It opens with Hartman giving us an amusing look at how she became involved with the process. It seems at times irrelevant (all the talk of her young son) but is designed to put us on her side as she goes about the process of recording the interviews, and observing the people.

From there, during the course of the two acts, we see Frank Ricci teaching new recruits at the fire academy, a raucous conversation between Briscoe and Ewing at a local diner with Hartman looking on, an interview/conversation with Karen Torre and finally a conversation between Briscoe and Ricci (now president of the union.).

The acting is superb as one expects at Yale. With the exception of Laura Heisler as the writer, most play one or two cameos in addition to their main role.  The most dynamic performances are by Billy Eugene Jones as Mike Briscoe and Ian Bedford as Frank Ricci. But excellent work is turned in by Rob Demery as Tyrone Ewing and Rene Augesen and Karen Torre.

Like many world premieres, this is a work in progress and needs refining and probably cutting.

But a more serious concern is the structure. Hartman undoubtedly talked to many people – other firefighters involved in the suit (20 in all), others who took the test and later were promoted, political leaders, the defense lawyers, union personnel, the Blackbirds (an organization of African-American firefighters that had sued the city multiple times), and perhaps even the general public.  Why don’t we hear from them? By limiting it to these four people, we get a skewed understanding of the issues and consequences.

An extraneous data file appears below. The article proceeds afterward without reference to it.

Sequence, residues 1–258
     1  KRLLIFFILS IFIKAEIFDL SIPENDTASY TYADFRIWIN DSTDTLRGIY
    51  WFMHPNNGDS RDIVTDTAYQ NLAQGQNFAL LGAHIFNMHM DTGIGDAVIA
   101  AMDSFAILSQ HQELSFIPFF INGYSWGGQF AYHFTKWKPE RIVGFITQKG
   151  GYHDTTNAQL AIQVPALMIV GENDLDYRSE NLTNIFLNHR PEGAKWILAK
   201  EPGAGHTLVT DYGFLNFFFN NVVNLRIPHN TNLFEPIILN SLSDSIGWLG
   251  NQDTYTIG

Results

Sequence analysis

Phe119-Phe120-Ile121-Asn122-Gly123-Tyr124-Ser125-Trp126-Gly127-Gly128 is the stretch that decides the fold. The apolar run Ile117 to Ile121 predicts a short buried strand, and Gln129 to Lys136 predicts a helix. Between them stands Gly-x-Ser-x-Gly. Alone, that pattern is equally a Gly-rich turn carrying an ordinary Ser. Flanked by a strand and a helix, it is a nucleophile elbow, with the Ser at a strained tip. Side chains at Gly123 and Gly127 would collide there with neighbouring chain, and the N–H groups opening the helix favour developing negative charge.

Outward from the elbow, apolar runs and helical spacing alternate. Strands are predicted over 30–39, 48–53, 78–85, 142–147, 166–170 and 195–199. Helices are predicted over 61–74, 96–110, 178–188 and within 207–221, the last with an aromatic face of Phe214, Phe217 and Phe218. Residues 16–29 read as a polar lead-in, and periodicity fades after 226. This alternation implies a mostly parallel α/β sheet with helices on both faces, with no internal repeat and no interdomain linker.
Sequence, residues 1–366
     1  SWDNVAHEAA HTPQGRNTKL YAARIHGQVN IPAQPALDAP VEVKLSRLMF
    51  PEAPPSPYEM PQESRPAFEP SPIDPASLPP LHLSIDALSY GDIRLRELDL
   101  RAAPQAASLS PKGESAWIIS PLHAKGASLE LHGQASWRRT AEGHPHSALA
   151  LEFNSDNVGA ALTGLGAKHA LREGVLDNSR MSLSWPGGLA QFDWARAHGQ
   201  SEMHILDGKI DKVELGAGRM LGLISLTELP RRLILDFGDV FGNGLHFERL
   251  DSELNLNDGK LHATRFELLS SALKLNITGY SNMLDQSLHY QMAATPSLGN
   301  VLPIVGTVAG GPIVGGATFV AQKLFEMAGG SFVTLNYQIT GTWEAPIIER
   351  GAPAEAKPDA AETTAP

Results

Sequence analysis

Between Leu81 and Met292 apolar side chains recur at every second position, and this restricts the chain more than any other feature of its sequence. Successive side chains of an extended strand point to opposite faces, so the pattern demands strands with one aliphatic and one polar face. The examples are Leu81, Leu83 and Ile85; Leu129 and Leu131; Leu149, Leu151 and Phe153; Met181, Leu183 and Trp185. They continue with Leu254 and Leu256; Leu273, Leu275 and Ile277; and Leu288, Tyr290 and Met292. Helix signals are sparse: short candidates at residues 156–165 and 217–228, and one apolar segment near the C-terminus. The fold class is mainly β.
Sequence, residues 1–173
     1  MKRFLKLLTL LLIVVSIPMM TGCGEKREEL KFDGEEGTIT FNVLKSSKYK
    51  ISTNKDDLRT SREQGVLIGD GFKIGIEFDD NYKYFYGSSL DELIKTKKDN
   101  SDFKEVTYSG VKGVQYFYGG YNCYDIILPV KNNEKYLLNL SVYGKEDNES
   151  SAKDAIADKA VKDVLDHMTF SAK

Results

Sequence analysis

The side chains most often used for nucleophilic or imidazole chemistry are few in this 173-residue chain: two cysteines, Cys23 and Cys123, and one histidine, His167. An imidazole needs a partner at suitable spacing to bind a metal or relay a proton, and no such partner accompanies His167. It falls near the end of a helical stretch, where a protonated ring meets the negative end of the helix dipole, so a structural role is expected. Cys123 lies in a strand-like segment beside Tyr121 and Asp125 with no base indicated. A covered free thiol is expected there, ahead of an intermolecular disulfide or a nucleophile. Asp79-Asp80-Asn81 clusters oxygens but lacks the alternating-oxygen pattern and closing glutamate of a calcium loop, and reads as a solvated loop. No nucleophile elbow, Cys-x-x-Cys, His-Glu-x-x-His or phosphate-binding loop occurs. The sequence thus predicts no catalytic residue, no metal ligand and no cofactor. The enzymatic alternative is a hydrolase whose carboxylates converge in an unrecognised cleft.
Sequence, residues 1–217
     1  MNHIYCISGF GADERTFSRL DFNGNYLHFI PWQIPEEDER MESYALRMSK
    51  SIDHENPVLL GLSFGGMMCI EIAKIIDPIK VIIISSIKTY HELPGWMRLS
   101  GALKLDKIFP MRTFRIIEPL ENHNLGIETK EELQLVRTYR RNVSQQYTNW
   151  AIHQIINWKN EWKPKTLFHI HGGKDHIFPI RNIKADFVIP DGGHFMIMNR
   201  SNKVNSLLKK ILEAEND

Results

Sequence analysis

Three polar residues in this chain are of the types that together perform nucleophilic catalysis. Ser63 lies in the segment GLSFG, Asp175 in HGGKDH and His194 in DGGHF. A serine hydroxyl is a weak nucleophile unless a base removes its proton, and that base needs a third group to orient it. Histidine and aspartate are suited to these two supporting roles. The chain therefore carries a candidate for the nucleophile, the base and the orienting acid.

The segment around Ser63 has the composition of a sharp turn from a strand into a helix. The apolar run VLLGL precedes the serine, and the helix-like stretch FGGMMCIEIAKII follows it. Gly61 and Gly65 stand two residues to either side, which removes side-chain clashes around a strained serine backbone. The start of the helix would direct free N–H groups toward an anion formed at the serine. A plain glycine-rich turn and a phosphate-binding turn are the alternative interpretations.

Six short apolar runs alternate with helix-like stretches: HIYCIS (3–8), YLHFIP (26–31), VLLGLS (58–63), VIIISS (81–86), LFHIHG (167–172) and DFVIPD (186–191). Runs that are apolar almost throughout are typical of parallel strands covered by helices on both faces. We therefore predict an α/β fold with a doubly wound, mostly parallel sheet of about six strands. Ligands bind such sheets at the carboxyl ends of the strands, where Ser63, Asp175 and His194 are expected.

Instead we hear overlong debates between Ewing and Briscoe in act one – they hold very different views on many subjects. In act two the conversation between Briscoe and Ricci is also overlong. In addition, in both of these, there is so much talking over each other, that understanding is limited.

Even the conversation with Torre seems forced – there is an unnecessary sense of danger included.

Some of this, director Kenny Leon could have overcome. While is staging is good, the overlapping dialogue and repetition of ideas hampers understanding.

What is interesting is that the author’s sympathies are balanced among the three firefighters. You can understand and empathize with each of them. There is no clear “right side” or “wrong side’” It just seems as if all of them were injured by the situation. It would be interesting to get the reactions of the people involved and the others involved. How do they view what she presents?

Despite the flaws in this play, area residents – even if you do not live in New Haven – should see it. Once again issues of race, ethnicity and preferential treatment are part of our national discussion. With all sides presented, Good Faith gives you lots to think about.

For tickets visit Yale Rep or call 203-432-1234.

This content courtesy of Shore Publications and zip06.com.